The syllable seemed to stick in his throat. 

He wasn’t the only Fine Gaeler who appeared to have trouble getting the word out.

One by one they all had to say yes to Micheál Martin becoming Taoiseach – even Leo Varadkar, effectively ousting himself from his own job.

Each said the word, almost like a whisper – a sad, solitary, ‘tá’.

Alan Kelly’s movie memories 

There were some light-hearted moments dotted throughout the day.

Labour leader Alan Kelly brought up some of the things both Martin and Varadkar have said about each other over the years.

Some classic movies got a mention.

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“We all know the outgoing Taoiseach loves his films. In the 2016 general election, Deputy Leo Varadkar said that Deputy Micheál Martin was a good debater and an even better deceiver, that he could not be trusted and that his record as a Minister was a disaster.  

“Sorry for pointing that out,” said Kelly to a grinning Varadkar.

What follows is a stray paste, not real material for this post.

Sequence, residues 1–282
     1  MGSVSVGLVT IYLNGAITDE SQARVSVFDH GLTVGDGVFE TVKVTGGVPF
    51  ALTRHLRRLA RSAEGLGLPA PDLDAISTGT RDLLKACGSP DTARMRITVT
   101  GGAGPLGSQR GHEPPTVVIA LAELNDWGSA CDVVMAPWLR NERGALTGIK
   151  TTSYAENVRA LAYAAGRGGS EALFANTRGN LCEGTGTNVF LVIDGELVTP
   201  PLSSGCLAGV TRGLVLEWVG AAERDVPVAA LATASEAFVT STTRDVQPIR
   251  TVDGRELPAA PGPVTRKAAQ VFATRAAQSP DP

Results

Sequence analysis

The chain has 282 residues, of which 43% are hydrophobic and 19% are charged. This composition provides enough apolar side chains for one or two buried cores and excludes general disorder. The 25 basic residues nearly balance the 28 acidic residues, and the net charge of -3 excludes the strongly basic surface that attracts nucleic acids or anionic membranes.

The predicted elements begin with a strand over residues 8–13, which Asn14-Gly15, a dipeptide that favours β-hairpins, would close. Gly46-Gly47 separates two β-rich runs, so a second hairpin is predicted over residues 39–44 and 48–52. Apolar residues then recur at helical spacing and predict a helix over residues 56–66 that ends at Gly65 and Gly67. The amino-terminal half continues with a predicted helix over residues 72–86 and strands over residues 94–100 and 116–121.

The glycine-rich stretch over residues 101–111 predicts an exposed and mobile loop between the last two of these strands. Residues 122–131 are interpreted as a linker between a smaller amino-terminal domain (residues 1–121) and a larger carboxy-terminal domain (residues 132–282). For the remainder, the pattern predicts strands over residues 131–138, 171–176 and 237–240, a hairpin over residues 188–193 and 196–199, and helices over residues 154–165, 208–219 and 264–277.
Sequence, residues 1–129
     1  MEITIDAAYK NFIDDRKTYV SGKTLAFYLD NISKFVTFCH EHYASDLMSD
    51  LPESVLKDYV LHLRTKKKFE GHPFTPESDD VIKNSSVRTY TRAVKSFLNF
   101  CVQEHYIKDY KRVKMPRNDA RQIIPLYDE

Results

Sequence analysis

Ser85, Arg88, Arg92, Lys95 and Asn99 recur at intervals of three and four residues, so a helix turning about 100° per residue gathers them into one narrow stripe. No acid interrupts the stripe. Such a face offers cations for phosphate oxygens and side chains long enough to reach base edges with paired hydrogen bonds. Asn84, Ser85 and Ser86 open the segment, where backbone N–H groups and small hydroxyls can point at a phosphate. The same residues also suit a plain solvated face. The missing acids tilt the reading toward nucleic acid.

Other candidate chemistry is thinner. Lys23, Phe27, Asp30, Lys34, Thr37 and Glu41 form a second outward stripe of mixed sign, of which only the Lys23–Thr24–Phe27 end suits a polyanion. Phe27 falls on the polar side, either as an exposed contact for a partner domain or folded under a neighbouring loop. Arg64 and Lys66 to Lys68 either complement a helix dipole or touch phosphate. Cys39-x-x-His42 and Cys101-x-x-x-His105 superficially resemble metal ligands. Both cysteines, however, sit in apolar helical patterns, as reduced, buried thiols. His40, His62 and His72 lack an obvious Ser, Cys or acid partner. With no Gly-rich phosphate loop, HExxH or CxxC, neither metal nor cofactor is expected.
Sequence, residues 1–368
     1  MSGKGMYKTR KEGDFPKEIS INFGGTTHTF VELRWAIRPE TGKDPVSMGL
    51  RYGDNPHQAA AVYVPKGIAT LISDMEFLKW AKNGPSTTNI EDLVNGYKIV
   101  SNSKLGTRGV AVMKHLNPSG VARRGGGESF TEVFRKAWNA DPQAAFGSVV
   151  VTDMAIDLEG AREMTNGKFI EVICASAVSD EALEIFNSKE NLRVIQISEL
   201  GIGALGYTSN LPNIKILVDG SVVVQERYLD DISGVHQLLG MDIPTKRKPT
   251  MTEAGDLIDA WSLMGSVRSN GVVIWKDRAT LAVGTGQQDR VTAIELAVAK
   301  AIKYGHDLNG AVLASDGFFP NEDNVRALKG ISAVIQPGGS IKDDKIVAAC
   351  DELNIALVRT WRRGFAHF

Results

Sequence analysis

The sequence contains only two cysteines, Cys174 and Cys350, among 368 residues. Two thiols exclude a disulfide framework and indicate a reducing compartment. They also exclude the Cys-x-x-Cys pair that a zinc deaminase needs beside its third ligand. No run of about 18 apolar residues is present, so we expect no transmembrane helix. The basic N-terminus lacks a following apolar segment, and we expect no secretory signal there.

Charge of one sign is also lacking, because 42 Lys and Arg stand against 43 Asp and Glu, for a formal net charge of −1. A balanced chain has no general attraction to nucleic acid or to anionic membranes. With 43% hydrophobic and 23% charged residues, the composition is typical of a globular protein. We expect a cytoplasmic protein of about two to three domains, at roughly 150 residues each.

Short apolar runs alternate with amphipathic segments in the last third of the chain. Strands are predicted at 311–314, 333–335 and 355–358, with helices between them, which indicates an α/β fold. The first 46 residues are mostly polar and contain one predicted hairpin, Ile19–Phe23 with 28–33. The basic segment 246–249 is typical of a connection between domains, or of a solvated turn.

“The then Minister for Health compared the Fianna Fáil leader with Arnold Schwarzenegger in Total Recall – with alternative memories planted in his brain – and created a fairytale about his record in the Departments of Health and Foreign Affairs.  

“Here we are four years later and it would seem that the outgoing Taoiseach has had his memory absolutely wiped in the pursuit of office, and has constructed his own fairytale today.

“I believe he must have taken some tips from Matt Damon when he was here during the lockdown as Leo, our current Taoiseach, has woken up, akin to Jason Bourne, with no actual memory of what he said about Fianna Fáil or Deputy Micheál Martin four years ago, or indeed numerous times over the last ten years.”

The Healy-Rae Party

“Even though we started out on the same path I cannot support Deputy Martin today, because I believe our party, the Healy-Rae party, has remained close to the people who elect and who voted for us,” Kerry’s Danny Healy-Rae said ahead of the Taoiseach vote.  

“Fianna Fáil has distanced itself from the people of rural Ireland and that was seen again in the programme of government.”

As noted by the Ceann Comhairle yesterday – not only did we get a new government, but we also got a new political party. 

The Healy-Rae party is not a registered political party.


Micheál Martin gets emotional